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From what I understand, the stock price is based on supply and demand. For example, if a stock that was priced at $0.01 was bought buy an investor who spent $5.00 (leaving him with 100 shares), it would drive the price of the stock up.

But I am wondering, who (or what) determines how much the price of the stock will go up, or down?

How do prices change? Is it a program that updates the price of every stock, every second, based on some formula? Or is it some speculating "geek" that hides in some wall street office, updating the prices on every stock he sees based on the market volume?

Thank you for any help. All help is greatly appreciated.

marked as duplicate by Ganesh Sittampalam Aug 6 '15 at 20:44

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    Did you search for similar questions here? This has come up before. – Chris W. Rea Mar 29 '15 at 23:50
  • Duplicate of "how is stock price determined" among others. It's always a good idea to try a search before asking a question, to see if the answer has already been posted. – keshlam Mar 30 '15 at 1:07
  • I have searched, but not found an answer like Matt's. Sorry if it appears to be a duplicate. – Kelsey Mar 30 '15 at 3:04
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The market price of a stock is based on nothing at all more than what two parties were last willing to transact for it.

The stock has a "bid" and an "ask" each is the value placed by a counterparty. For the sale to occur, one party must meet the other. The stock transacts and that is the price.

For a stock to "go up" people must be willing to pay more for it. Likewise, for it to "go down" people must be willing to accept less for it.

  • Thank you, Matt. Let's say a stock was at $0.01 and someone put a buy option, but only for $0.10 (he will only buy it for 10 cents). And someone put a sell option for $0.10. Would they exchange the stock for $0.10? And would this raise the price of the stock to $0.10? – Kelsey Mar 30 '15 at 2:41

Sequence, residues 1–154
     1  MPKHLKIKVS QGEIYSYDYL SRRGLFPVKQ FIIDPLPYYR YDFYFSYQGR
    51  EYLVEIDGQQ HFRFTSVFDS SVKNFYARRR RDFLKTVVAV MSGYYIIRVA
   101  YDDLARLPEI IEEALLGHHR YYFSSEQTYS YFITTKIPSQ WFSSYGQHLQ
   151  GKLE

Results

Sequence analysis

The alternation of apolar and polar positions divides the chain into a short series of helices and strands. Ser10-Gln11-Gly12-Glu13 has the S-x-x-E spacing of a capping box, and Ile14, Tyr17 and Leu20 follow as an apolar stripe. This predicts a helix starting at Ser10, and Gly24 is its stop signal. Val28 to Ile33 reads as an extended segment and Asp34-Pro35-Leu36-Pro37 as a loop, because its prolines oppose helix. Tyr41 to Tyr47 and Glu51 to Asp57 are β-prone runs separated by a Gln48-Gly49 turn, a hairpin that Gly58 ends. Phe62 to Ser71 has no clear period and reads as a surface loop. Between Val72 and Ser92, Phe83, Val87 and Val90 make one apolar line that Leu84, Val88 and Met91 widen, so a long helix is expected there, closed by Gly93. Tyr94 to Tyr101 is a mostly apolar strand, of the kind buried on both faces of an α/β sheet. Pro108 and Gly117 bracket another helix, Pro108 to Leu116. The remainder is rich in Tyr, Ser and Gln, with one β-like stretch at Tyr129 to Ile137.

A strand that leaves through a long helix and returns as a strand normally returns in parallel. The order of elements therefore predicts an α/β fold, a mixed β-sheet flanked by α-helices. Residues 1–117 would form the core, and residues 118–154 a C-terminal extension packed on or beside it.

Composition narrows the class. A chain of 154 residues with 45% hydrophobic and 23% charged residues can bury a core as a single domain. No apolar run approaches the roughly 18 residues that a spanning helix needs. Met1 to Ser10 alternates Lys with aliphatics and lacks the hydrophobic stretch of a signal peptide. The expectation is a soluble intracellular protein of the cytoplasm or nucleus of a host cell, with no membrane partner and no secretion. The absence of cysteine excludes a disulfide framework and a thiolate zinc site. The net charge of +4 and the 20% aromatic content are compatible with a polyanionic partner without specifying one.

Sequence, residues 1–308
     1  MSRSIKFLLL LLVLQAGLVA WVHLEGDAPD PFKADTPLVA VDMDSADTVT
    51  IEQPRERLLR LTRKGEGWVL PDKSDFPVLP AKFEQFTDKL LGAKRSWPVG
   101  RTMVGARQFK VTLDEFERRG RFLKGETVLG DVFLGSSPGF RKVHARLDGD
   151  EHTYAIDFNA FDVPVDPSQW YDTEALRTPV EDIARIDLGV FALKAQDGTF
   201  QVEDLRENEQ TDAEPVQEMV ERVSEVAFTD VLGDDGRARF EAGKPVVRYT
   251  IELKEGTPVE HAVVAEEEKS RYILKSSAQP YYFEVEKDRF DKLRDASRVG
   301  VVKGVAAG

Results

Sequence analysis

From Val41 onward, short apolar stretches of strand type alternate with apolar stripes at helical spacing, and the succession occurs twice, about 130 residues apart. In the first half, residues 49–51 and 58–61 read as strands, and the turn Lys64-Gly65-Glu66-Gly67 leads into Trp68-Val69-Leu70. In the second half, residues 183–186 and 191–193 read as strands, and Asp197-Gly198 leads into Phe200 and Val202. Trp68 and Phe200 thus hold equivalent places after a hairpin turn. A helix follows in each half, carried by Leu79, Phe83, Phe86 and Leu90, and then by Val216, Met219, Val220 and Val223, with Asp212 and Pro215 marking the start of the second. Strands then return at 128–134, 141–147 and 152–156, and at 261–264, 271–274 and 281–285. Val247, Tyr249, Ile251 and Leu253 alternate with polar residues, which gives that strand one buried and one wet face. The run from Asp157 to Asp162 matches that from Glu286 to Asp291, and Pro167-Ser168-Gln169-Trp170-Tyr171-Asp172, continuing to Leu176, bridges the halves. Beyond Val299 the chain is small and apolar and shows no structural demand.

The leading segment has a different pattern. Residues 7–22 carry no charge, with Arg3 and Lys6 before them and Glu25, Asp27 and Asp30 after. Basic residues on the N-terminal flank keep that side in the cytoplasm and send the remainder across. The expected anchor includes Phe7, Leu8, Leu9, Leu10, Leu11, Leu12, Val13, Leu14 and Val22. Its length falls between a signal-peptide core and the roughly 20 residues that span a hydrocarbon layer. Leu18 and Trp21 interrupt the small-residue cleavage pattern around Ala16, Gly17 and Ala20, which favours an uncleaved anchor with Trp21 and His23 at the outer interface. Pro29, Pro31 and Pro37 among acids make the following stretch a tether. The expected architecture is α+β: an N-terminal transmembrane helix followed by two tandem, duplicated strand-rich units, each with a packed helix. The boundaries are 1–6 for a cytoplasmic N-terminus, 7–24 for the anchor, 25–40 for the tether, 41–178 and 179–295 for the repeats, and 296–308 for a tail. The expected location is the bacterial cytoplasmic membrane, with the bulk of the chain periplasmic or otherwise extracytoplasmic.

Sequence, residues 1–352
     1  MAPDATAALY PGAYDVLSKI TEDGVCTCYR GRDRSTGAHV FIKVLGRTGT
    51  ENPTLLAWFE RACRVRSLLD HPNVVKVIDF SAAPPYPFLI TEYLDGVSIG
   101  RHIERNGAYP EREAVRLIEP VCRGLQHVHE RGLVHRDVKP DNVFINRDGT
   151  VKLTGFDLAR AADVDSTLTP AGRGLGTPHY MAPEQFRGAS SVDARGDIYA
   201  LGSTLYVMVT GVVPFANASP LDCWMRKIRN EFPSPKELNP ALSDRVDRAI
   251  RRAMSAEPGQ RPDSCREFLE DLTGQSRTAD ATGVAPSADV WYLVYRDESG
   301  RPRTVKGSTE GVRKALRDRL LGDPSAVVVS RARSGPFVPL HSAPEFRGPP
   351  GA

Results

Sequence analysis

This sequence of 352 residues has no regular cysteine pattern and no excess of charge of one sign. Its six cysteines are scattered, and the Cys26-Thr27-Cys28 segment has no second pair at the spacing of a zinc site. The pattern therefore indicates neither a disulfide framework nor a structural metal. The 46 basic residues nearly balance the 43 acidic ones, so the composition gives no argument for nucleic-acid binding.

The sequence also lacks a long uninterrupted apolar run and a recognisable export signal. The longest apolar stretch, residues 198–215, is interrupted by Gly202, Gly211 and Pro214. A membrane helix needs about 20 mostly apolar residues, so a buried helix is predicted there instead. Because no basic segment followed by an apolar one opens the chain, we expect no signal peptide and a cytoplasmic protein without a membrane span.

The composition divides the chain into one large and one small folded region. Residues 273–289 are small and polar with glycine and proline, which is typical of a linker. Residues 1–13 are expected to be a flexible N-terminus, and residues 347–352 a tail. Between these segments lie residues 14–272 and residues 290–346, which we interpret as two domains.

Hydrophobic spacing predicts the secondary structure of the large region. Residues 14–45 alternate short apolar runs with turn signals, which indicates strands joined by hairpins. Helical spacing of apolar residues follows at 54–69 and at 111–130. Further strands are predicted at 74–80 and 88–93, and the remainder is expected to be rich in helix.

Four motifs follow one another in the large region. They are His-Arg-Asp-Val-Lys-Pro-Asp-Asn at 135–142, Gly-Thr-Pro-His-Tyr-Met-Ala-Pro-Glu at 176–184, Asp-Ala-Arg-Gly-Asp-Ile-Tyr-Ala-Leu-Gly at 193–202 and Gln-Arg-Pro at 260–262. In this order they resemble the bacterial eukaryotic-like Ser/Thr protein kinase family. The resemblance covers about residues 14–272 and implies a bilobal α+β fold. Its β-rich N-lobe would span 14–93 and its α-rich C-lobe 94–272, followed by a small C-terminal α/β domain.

• Let's use dollars instead. If the last time the stock sold was for $1, its price would be $1. If there were absolutely no asks and no bids in (or an ask above $10), and somebody put in a bid for $10, and somebody else accepted that offer, then the price would become $10. This is very unlikely in trades stocks but could certainly happen in obscure options. – Matthew Mar 30 '15 at 2:47
  • Thank you Matthew, you are a great teacher. If somebody asked for $100.00, and I bought the stock when it was priced at $1.00, would I be paying $100.00 (or whatever price they asked)? – Kelsey Mar 30 '15 at 3:02
  • You will pay whatever price you bid. I don't understand your last question. If you want to sell the stock you place an "ask." If you want to buy the stock you place a "bid." The transaction can only occur if another party accepts your bid or your ask... at that point the stock's price is equal to that value. – Matthew Mar 30 '15 at 3:15

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